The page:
Spinifex Hopping-mice (Notomys alexis) have large eyes and ears, big back feet, long tufted tails and move with a a hopping & galloping gait.
Spinifex Hopping-mice are nocturnal and stay hidden during the heat of the day. Like many other desert mammals, during dry times, they can survive without drinking. Their very effective kidneys absorb every drop of water from their waste. They have solid urine!
Spinifex Hopping Mouse numbers fluctuate greatly and population explosions often follow periods of heavy rain. They are placental mammals and pregnancy lasts 38-41 days. The female usually raises 3 or 4 young which are weaned at four weeks and sexually mature at two and a half months.
Spinifex Hopping-mice live in the sand country of central Australia. They avoid the heat of the day by sheltering in a deep, humid burrow. Their burrow is a horizontal tunnel, about a meter underground, with several vertical shafts to the surface. Entrances are well concealed under clumps of grass.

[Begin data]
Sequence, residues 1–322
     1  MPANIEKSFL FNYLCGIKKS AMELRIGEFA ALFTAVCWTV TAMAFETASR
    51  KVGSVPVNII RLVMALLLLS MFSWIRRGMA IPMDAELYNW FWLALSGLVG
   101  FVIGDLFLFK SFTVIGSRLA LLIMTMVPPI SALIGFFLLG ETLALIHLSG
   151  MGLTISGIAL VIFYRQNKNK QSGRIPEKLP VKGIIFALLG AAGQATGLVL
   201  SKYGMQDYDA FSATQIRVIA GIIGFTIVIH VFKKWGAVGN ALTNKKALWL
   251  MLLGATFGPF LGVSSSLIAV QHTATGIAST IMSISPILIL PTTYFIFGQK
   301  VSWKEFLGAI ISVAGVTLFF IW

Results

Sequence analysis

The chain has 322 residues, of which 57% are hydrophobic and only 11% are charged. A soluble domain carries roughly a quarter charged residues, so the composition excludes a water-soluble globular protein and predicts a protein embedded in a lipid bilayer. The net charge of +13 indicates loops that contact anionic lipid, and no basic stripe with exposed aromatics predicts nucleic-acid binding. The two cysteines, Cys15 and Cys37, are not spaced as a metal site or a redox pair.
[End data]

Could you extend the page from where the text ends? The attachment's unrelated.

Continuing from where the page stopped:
Unlike rodents living in less harsh environments, those living in areas of infrequent rain cannot rely solely on grain as a food source. As a result most desert rodents are omnivorous and have a varied diet that also includes leaves, shoots, roots and insects.
Spinifex Hopping Mice grow to 7-8cm and live for 4-6 years.
Spinifex Hopping mice have been known to migrate up to 15km towards rain.
During summer when temperatures in their burrow rise above their body temperature, hopping mice can raise their body temperature so their surroundings feel cooler.
Compare with the Kangaroo Rat of the Sonoran Desert.